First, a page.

May 28, 2010|
(USA) The danger of making a film in 3D is that the director sometimes falls too easily into the trap of placing all their energy and focus on the spectacle, while completely ignoring other film staples—like a proper script, for instance. But while “Avatar” transported its audiences to a stunning new world, the last installment of the “Step Up” series takes its audiences through a clichéd dance world of tween marketing.
Moose (Adam G. Sevani), who kind of resembles the hypothetical love child of Michael Jackson and Chico Marx, is just about to begin his freshman year at NYU with his BFF Camille. His parents don’t want him to dance, but this kid just has to, because, as the shockingly dull main character Luke (Rick Malambri) points out, Moose is “B-FAB.” (Born From A Boombox, duh). Apparently, Luke needs Moose to help his dance crew, House of Pirates, win an upcoming competition, not only because it offers the most prize money ever, but because Luke also needs the $100,000 winnings to keep his multi-million dollar loft/warehouse/dance club. Strange, because he seems to be able to afford a warehouse full of costly things: multiple HP computer screens, video cameras, huge headphones, Blackberrys, Xbox, a foam pit, and LED light suits for the whole crew. OK—with money-management skills like his, I guess it’s not that strange after all. Anyway, it’s the Pirates against the world’s top dancers, and more than one of their enemy dance troupes have Asian-influenced names (House of Gwai/House of Samurai). Either way, you already know how this one ends.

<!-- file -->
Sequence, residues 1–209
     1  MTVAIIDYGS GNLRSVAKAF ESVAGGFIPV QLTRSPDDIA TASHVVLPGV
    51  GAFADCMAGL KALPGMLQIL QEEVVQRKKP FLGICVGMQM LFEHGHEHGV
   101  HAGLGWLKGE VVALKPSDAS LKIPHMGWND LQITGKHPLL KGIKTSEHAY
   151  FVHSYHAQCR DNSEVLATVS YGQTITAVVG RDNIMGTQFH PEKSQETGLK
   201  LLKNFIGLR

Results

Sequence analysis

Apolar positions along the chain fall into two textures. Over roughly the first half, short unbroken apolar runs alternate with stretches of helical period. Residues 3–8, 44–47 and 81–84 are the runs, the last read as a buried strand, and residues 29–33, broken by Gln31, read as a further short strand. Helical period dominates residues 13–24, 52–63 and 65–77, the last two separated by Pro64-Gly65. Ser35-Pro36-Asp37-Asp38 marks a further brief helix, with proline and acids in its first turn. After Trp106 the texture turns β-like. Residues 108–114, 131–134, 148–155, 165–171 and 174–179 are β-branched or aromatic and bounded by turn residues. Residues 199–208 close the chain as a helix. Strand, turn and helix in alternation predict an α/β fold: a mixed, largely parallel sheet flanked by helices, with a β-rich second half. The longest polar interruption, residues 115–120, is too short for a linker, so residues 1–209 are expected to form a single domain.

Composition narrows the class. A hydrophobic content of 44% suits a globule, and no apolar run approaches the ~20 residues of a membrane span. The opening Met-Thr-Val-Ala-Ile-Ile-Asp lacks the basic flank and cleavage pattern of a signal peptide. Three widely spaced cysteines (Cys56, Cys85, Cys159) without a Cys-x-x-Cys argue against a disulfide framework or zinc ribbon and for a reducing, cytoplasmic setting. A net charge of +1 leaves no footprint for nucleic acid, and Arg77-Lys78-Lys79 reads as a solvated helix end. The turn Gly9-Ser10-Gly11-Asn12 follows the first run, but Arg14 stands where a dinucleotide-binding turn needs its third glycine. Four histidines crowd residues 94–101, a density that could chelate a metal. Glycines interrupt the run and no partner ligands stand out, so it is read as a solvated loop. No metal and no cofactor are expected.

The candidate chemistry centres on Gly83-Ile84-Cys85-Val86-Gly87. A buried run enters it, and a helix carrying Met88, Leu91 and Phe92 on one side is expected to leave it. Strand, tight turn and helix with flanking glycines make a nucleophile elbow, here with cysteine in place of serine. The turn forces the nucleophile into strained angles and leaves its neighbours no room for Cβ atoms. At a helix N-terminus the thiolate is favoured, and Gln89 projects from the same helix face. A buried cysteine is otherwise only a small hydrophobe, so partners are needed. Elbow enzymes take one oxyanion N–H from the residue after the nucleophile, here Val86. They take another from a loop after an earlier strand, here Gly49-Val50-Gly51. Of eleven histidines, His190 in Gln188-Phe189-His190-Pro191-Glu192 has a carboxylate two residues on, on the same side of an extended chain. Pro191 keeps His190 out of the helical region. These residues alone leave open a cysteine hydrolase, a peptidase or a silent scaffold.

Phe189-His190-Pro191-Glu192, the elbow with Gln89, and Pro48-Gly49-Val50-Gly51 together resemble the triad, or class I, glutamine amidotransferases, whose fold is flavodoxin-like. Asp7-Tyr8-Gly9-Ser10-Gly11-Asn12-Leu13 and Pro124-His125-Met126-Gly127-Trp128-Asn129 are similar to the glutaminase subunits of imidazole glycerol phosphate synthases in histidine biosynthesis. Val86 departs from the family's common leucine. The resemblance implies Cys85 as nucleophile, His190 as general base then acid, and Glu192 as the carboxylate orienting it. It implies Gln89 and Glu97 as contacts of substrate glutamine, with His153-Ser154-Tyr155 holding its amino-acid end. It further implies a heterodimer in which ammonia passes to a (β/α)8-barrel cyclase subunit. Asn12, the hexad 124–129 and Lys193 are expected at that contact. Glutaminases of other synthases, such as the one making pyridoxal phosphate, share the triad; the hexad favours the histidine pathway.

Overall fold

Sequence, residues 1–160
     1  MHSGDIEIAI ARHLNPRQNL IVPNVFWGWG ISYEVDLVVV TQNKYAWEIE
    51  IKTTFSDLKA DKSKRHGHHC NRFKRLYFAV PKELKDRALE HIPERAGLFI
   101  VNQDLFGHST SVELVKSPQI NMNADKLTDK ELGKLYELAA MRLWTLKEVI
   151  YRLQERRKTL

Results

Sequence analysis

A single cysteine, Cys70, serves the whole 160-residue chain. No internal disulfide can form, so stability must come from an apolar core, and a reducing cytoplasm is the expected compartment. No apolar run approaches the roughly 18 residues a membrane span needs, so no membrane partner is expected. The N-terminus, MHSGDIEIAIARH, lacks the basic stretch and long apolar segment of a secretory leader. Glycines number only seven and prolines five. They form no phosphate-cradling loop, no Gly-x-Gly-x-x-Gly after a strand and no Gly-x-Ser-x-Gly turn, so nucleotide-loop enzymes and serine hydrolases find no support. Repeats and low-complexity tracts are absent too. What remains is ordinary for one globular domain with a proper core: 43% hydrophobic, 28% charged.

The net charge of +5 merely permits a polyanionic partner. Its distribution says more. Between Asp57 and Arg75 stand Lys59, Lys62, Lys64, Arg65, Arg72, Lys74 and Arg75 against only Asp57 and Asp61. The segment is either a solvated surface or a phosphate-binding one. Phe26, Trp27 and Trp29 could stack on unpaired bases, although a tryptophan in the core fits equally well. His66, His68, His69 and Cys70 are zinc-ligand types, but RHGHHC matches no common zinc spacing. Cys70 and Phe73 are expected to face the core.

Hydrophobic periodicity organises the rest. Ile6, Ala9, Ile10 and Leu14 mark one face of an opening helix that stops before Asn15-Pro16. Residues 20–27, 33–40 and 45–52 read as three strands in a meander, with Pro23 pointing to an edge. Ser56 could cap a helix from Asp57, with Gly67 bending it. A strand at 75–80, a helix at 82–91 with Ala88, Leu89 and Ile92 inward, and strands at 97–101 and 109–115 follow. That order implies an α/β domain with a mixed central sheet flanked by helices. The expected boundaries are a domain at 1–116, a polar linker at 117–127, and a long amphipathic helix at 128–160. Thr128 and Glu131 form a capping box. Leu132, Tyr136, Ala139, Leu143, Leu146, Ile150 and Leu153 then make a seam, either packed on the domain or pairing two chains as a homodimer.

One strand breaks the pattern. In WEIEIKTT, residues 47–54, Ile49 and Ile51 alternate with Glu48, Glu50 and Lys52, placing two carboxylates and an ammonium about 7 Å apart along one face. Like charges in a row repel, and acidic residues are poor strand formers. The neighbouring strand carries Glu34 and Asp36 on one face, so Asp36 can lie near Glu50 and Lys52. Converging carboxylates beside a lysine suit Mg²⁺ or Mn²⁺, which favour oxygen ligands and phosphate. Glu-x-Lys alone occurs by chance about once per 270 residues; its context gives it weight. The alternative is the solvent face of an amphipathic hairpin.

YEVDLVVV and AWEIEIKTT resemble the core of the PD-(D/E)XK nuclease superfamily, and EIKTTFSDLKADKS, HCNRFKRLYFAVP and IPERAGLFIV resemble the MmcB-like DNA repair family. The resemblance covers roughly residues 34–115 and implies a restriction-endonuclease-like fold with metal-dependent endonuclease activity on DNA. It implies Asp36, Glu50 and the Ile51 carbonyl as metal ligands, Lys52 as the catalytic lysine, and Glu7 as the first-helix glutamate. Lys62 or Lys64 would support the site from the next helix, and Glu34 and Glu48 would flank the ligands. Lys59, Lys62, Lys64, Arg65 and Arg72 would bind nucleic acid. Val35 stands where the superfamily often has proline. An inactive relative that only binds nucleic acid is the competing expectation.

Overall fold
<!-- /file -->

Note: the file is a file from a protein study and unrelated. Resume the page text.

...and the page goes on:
Even by the lowered standards and expectations of dance films, the script is mind-numbingly awful. More than anything else, the film feels like an excuse for a 108-minute music/dance video that happens to be attached to an abysmal plot, coupled with less than mediocre acting and ridiculously laughable dialog (such pearls of wisdom as “This is real life, Luke!” or “The most important decisions in life are never easy”). However, dance films are really all about the show, and in that respect, it somewhat delivers, though not too convincingly with its labored references to Elvis, Jackson and Fred Astaire. Indeed, the choreography is the only relatively impressive thing about the film, although each background character apparently specializes in just one move (there is robot dude, rave hands girl, and the spastic Moose, to name a few), while the main actors simply fade to the back when any real dancing occurs. Some 3D tricks are half decent, but when, for the ultimate romantic scene, there is a shot in which the main characters stand on top of a subway ventilation duct and pour slushies into it so that it “magically” floats around like artificial snow/confetti, you know something is not right.